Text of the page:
Richard Dunne would have, under usual circumstances, reclined in indispensability as the current campaign began. Manchester City captain, a nine-year servant of the club, its player of the year for four of the past five seasons and, at 29, arguably in his prime, the indomitable, broad-shouldered defender was revered within Eastlands' gates.

It was, however, an exceptional period at City, whose new owners, in their seldom, no-expense-spared style, were bankrolling a revolution. Their summer outlay included a combined £38m swoop for centre-backs Kolo Toure and Joleon Lescott. Dunne was, consequently, rendered surplus to requirements.

Aston Villa capitalised upon the Republic of Ireland international becoming an accessory at City, and their £5m signing has swiftly elicited the sporadic scent of a major bargain. The Villans are seventh in the Premier League - just two points shy of third - with a game in hand on three of the sides above them. This position has been achieved despite an examining start that has included a trip to Liverpool and the visits of Manchester City and Chelsea, from which the Midlands outfit have seized an admirable seven points.

Villa's prosperity owes much to the joint-best defensive record in the division - a mere eight goals conceded in nine outings - which, in turn, is indebted to Dunne, whose eight appearances have included four man-of-the-match awards and two goals - both, predictably, thumping headers.

"I don't think I have ever scored two goals in a season before. I think I only got seven in nine years at City, so I'm happy" explained Dunne. My job is to help keep goals out, though it's always nice to score. But as long as we're winning and working hard for each other, it doesn't matter who's scoring the goals.

You can see the team spirit when we play. It's been a really good season so far, and hopefully we'll all be happy come May.

Aston Villa's Richard Dunne

"I had some great years at Man City, but I left and that was it. As soon as you go somewhere else, there's no point moping about and being sulky. Thankfully everyone has accepted me here. From day one the dressing room has been brilliant. You can see the team spirit when we go out and play. It's been a really good season so far, and hopefully we'll all be happy come May," added Dunne, who has his sights set on a UEFA Champions League place.

It is qualification for another tournament, however, that will truly determine Dunne's emotion once the Premier League season ends. Indeed, two dates with France - at Croke Park on 14 November and the Stade de France four days later - will determine whether Republic of Ireland reach the 2010 FIFA World Cup South Africa™. Having been a non-playing member of his country's Korea/Japan 2002 squad and part of the team that failed to make Germany 2006, Dunne, who turned 30 last month and has 56 caps to his name, is determined to help Giovanni Trapattoni's side prevail.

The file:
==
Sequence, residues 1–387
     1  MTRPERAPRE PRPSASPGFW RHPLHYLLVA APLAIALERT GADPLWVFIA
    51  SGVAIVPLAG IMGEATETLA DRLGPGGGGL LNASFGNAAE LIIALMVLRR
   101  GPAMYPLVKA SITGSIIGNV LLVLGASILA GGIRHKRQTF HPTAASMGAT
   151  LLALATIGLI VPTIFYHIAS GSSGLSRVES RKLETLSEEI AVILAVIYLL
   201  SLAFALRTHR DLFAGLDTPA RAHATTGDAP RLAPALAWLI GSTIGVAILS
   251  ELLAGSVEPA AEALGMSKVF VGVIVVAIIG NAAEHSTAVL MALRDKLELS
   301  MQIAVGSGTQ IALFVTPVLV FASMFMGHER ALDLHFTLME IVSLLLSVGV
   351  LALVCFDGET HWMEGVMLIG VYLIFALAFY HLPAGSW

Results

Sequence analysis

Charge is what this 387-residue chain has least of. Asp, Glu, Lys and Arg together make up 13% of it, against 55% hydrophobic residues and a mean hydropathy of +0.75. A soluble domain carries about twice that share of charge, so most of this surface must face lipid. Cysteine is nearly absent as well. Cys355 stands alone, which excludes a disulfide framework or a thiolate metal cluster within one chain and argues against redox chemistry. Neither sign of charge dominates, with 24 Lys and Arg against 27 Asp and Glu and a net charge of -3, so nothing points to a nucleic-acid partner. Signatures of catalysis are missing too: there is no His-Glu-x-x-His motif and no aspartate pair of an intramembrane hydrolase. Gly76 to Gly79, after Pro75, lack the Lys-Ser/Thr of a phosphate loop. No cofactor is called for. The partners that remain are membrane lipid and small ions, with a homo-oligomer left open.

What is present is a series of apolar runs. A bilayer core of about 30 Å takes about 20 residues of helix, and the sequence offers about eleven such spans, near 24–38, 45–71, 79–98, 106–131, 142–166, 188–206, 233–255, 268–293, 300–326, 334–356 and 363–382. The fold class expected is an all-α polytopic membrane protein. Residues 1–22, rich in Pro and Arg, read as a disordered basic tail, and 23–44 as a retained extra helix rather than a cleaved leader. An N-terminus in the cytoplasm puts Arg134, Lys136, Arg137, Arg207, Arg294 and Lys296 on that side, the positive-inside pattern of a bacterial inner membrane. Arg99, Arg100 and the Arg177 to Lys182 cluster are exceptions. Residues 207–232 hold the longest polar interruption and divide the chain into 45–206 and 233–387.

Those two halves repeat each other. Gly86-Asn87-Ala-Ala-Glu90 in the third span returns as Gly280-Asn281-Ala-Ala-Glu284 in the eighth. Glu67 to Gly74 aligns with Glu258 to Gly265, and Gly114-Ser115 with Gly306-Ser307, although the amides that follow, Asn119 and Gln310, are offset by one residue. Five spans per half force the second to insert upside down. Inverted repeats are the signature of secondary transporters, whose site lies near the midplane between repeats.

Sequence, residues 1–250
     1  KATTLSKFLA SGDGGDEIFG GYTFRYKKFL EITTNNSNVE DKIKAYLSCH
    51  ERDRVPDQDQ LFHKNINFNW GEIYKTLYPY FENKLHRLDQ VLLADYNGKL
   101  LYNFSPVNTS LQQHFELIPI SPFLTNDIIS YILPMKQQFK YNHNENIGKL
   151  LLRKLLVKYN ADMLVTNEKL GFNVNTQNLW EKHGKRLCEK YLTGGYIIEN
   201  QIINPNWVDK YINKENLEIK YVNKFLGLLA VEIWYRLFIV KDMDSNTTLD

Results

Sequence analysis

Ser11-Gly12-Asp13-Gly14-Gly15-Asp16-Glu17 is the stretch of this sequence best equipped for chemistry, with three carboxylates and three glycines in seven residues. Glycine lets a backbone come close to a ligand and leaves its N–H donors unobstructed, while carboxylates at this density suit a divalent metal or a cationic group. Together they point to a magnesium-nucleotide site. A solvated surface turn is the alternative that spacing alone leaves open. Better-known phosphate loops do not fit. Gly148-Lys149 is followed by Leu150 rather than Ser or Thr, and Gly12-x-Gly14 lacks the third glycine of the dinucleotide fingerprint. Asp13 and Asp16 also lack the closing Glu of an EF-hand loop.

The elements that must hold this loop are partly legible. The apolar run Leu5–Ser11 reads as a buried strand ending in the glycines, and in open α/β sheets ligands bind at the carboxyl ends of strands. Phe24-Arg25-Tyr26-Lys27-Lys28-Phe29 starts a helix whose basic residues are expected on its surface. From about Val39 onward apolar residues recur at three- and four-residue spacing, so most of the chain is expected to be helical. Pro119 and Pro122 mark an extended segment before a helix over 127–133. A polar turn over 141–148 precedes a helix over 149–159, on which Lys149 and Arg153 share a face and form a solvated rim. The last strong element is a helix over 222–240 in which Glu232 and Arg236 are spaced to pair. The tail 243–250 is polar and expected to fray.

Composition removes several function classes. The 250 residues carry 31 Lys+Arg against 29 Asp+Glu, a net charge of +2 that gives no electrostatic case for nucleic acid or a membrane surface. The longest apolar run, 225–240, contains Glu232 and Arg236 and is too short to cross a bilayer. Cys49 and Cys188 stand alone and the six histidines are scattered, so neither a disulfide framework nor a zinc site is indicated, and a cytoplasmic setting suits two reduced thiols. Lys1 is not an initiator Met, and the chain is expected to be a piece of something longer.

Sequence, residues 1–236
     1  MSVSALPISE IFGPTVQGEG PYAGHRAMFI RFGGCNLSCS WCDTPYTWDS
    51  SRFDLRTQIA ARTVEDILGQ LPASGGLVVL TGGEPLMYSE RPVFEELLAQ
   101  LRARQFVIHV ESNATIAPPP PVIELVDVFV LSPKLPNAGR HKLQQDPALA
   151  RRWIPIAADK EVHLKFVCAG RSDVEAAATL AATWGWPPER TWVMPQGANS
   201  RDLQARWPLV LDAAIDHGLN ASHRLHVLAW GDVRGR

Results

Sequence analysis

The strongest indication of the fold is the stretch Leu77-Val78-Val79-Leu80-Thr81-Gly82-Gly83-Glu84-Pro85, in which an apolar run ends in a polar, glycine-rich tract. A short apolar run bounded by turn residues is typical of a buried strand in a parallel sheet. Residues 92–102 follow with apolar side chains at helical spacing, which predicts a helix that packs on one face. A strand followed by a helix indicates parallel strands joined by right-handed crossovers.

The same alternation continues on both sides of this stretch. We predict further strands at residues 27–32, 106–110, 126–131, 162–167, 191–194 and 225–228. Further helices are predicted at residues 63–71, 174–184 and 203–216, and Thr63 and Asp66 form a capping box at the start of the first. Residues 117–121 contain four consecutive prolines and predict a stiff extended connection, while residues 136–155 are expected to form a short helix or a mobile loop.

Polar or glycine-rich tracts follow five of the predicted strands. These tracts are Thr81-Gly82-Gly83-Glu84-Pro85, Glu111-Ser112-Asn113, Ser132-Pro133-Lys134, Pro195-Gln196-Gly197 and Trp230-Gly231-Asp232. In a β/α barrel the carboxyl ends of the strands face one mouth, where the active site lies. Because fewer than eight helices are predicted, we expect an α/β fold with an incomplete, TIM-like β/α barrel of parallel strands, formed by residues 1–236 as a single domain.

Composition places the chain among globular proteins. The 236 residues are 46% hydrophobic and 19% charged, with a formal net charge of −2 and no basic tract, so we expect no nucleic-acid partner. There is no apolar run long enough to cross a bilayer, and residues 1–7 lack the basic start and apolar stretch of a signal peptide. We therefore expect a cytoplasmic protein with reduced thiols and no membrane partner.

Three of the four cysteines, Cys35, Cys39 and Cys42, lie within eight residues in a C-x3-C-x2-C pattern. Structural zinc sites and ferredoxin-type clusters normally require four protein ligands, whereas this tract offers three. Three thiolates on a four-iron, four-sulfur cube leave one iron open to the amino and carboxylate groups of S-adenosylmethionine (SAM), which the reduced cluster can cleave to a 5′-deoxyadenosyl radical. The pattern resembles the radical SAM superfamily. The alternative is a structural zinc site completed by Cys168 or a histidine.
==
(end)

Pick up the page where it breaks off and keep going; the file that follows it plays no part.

France are nevertheless the favourites. They have appeared at 12 of the previous 18 FIFA World Cups - a record bettered by only Brazil, Germany, Italy, Argentina and Mexico - while Republic of Ireland have three participations to their name. The Boys in Green have never gone beyond the quarter-finals of a major tournament; Les Bleus have won the FIFA Confederations Cup and UEFA European Championship twice apiece, and the FIFA World Cup. The Irish watched the last world finals on television after finishing fourth in their qualifying group behind their forthcoming opponents, runners-up Switzerland and third-placed Israel; France reached the Germany 2006 Final, which they only lost to Italy on penalties.

But scratching beneath the surface uncovers are a far more balanced tale. Republic of Ireland were one of only five teams to finish the group phase of European Zone qualifying unbeaten, although they were the only member of the quintet not to qualify directly for South Africa 2010 [Germany, Spain, Italy and the Netherlands all topped their pools]. The Irish's company nonetheless included the reigning world champions, whom they drew with twice; 1-1 in Bari and 2-2 in Dublin. France, meanwhile, finished runners-up behind Serbia in a Group 7 they were expected to dominate. Moreover, Raymond Domenech's team will enter their play-off without the genius of Franck Ribery.

The France coach will, nevertheless, have a plethora of formidable forwards at his disposal, including Thierry Henry, Nicolas Anelka and Karim Benzema, which will heighten the responsibility on Dunne's shoulders. He will nonetheless use history as a source of encouragement.

When Villa hosted Chelsea on 17 October, Dunne shackled Anelka and scored in a 2-1 victory. The last time the Tallaght native encountered Henry, in August 2006, he helped Manchester City beat Arsenal 1-0 and was named man of a match the Gunners legend described as "one of my worst games in an Arsenal shirt". In the former Everton player's previous meeting with French opposition in December, he again excelled as City held Paris Saint-Germain to a 0-0 draw in the UEFA Cup.

Dunne's community of admirers is vast and abounding. O'Neill recently described him as "'immense", while Republic of Ireland goalkeeper Shay Given called him "one of the best centre-halves I have ever played with." Trapattoni labelled him a "wardrobe" during their qualifying campaign and, according to the country's former coach Mick McCarthy, the Villa No5 is on a par with John Terry and Nemanja Vidic, consensually two of the finest centre-backs on the planet.

And while the Irish colossus is flattered by his burgeoning popularity, he would love nothing more than to emerge as France's bête noire in Saint-Denis.